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  • Writer's pictureDan

How to prepare your vehicle for an MOT test

Updated: Aug 16, 2019

If your vehicle is 3 years old or more, you are required by law to have an MOT. The Ministry of Transport test, commonly known as the MOT test, is an annual safety check to ensure the vehicle meets minimum safety standards and levels of exhaust emissions set out by the DVSA (Driver and Vehicle Standards Agency, formerly VOSA).

During the MOT test the designated tester will conduct an inspection and a comprehensive series of checks around the vehicle, including the interior, exterior, under the bonnet and under the vehicle. The MOT test ensures the vehicle is in roadworthy condition. However, should not be confused as having your vehicle serviced and the MOT test does not check the general mechanical condition of the vehicle.

Without a current MOT certificate, you will be unable to drive your vehicle lawfully or renew your road tax.

So what should I prepare for?

There are various checks you yourself can do to increase the chances that your vehicle passes it's MOT test.


Turn on the ignition and make sure:

  • The horn is working

  • The seat belts must work properly and not be frayed or cut

  • The chairs should be secured to the floor


Walk round the vehicle and inspect the tyres. Make sure:

  • There are no bulges or cuts on the sidewalls or any cable showing

  • The tread is at least 1.6mm deep.

  • If the car has a spare tyre, this must be road-legal as well


Check for chips and cracks in the windscreen.

  • In an area in front of the driver a chip cannot be bigger than 1cm, in other areas swept by the wipers that damage cannot be over 4cm.

  • Mirrors should be securely fixed and the glass in good condition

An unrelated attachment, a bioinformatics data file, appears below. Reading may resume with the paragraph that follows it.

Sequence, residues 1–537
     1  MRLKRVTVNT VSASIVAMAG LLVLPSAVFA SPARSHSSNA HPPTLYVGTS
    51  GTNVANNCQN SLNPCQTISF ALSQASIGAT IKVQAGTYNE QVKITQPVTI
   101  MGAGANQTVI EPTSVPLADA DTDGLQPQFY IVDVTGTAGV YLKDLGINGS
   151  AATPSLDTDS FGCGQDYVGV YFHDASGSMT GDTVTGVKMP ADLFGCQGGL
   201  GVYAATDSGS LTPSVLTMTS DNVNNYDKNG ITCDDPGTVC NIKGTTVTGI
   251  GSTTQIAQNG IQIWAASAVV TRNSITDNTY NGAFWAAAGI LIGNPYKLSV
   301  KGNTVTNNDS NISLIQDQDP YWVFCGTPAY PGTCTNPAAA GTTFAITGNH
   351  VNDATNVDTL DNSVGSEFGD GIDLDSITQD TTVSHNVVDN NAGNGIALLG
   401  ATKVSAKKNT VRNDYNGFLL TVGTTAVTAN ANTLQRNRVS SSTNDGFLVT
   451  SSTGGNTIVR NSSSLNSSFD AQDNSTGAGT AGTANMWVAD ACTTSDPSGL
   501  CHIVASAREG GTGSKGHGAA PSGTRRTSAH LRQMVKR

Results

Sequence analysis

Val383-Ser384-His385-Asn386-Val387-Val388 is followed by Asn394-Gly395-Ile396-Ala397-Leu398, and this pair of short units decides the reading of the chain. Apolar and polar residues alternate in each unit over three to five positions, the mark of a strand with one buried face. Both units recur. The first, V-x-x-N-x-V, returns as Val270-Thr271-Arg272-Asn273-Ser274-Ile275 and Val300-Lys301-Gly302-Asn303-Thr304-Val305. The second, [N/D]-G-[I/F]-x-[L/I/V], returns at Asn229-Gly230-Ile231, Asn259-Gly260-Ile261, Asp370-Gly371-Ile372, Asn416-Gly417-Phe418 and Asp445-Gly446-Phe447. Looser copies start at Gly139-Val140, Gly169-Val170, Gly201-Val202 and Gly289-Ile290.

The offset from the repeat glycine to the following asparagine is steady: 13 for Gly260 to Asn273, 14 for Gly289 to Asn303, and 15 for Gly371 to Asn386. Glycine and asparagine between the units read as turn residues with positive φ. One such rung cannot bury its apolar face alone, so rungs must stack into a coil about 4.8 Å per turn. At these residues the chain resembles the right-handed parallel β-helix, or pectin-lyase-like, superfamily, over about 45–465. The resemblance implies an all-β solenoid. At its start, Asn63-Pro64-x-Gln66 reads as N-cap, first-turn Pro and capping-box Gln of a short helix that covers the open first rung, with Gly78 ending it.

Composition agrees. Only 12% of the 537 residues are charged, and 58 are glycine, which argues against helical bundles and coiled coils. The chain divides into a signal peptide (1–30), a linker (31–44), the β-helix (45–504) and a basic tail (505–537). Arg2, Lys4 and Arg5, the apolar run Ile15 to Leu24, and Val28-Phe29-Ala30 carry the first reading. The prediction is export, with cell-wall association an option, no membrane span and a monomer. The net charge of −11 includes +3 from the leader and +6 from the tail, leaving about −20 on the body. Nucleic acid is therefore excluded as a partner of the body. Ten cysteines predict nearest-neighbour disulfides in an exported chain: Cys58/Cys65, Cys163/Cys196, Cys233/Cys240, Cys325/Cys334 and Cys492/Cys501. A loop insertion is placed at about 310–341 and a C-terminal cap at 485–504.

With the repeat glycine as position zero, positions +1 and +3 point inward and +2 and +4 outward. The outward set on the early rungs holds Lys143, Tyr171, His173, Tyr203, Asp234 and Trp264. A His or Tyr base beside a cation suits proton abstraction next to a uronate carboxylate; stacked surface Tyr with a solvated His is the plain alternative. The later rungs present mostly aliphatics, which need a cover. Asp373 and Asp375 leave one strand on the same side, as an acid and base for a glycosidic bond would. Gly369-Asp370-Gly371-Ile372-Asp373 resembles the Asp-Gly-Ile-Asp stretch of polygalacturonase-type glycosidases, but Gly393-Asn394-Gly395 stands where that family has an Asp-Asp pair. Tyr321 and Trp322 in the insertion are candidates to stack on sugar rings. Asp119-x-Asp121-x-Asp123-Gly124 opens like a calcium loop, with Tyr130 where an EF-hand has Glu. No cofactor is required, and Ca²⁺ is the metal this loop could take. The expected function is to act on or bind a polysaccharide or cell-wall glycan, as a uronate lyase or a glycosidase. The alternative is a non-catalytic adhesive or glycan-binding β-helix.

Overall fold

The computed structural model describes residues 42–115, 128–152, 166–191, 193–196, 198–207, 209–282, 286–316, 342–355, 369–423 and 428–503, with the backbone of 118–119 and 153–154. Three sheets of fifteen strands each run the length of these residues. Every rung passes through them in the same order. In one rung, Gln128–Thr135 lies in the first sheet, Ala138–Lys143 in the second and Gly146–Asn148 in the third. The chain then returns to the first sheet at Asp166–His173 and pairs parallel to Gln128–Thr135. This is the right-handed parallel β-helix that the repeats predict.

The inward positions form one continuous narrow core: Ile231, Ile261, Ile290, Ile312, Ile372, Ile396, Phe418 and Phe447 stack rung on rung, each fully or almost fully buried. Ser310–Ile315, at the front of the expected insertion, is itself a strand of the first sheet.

• The windscreen washers and wipers are working

  • The screen wash is topped up

  • The rubber blades on the windscreen wipers are in order


Lighting is one of the easiest to check and one of the most often failures.

  • Check all exterior bulbs are working - Headlights (both dipped and main beam), front and rear side lights, break lights, reversing lights, front and rear fog lights and all indicators plus number plate lights should all be working

  • Each light’s lens should be free of cracks or damage and that they are not dull and yellowed


You will find it difficult to check these accurately however you can do some things to give you an idea.

  • Check the fluid level in the brake system is between the ‘min’ and ‘max’ indicators. Check your car’s handbook to find it.

  • When putting the handbrake on, If you have to pull the lever up too far through lots of clicking this may need adjusting.


Obviously you can not do an emission test yourself, however these checks you can do:

  • The exhaust must be secure and free from corrosion

  • The exhaust shouldn't be producing heavy smoke constantly

  • Whilst parked, you shouldn't hear any obvious rattling noises if you rev the engine


Similarly this is difficult to get accurate but there are things you can check:

  • Your steering wheel should be fairly tight on the column. If it's loose or there are abnormal movements when you turn, there could be wear in the column support

  • Listen for knocks when turning the steering wheel from full lock to full lock, or excessive whining from the power steering pump, both of which could indicate worn components

Hopefully if all these checks result in no problems, you should be on your way to passing your MOT test!

With every service at Deeping Direct we include a FREE Vehicle Service & Record book - A helpful & comprehensive record of your MOT testing dates, and service dates.

For more information on MOTs please check out our MOT information page and our MOT, failure and retest page.



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